Lucinda Williams and Elvis Costello hardly qualify as mainstream country artists, but each has absorbed traditional Southern music, written country songs and had a long affinity with Nashville. The stars of the debut episode sing two duets,...... Read Full Episode Summary »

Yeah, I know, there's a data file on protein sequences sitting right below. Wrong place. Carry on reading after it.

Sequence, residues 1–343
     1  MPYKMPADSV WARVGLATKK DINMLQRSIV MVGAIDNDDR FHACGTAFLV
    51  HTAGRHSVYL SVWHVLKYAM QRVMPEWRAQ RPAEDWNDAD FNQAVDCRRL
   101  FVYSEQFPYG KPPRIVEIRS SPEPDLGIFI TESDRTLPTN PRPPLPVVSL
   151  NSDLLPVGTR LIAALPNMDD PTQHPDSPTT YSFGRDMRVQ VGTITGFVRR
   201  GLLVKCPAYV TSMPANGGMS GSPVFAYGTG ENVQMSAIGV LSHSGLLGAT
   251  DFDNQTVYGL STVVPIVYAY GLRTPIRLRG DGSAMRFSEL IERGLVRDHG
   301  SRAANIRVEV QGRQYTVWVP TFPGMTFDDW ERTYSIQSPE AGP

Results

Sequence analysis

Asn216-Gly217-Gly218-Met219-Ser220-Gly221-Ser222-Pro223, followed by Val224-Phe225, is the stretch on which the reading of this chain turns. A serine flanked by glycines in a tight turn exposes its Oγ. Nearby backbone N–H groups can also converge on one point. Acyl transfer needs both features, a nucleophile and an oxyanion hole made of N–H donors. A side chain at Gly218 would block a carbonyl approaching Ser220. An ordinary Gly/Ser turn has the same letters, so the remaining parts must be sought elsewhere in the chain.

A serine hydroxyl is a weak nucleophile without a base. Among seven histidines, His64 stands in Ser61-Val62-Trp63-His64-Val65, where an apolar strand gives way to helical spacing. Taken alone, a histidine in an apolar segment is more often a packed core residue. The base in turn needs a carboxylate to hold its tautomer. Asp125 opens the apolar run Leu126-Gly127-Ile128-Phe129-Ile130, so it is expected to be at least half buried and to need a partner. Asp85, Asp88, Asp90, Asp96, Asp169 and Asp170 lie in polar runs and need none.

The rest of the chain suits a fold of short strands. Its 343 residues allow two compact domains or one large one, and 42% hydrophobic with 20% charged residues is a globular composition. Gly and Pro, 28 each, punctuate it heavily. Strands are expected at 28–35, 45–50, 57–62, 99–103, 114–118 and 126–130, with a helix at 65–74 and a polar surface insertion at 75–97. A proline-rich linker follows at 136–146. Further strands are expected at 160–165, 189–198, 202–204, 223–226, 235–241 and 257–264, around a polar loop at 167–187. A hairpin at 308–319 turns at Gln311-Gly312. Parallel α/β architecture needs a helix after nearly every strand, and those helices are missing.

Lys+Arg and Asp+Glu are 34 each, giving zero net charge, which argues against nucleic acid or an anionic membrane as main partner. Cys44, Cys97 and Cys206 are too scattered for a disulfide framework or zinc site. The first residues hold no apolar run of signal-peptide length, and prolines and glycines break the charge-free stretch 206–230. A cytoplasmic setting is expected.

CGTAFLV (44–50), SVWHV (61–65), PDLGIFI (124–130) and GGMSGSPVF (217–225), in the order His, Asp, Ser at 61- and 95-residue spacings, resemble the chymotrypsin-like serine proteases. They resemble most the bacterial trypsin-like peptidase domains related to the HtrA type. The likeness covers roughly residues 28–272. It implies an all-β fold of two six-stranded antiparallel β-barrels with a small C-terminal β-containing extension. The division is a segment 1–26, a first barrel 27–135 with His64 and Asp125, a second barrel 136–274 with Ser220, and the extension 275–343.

Lucinda Williams and Elvis Costello hardly qualify as mainstream country artists, but each has absorbed traditional Southern music, written country songs and had a long affinity with Nashville. The stars of the debut episode sing two duets, Costello's "Poisoned Rose" and a fiery version of Williams' "Changed the Locks." They provide backing vocals for each other on four songs -- including a Rolling Stones cover -- and Williams' road band plays throughout. Williams, a native of Louisiana who lived in Nashville for several years, is an outsider on Music Row and mainstream country radio. However, she commands the highest respect in roots and rock music circles, and a handful of country artists have recorded her songs. Emmylou Harris has long championed Williams, recording "Crescent City" and "Sweet Old World." Mary Chapin Carpenter recorded "Passionate Kisses," earning Williams a Grammy for best country song in 1993. As a recording artist, Williams won the Grammy for best contemporary folk album for 1998's Car Wheels on a Gravel Road. Upon the album's release, Rolling Stone called Williams "America's greatest songwriter" and described Car Wheels on a Gravel Road as a "masterpiece" and "heartbroken country classic." Based in Ireland by way of England, Costello emerged as a chief songwriting voice of the late '70s punk and new wave explosion. He quickly shed that tag, though, and evolved into a songwriting icon in the pop field. He is revered as one of the most innovative and influential songwriters since Bob Dylan. In 1981, Costello recorded Almost Blue in Nashville with legendary country producer Billy Sherrill. The album features Costello interpreting songs by Hank Williams, Don Gibson, Gram Parsons, Charlie Rich and other country greats. His version of George Jones' "Good Year for the Roses," from the same album, was a hit record in England.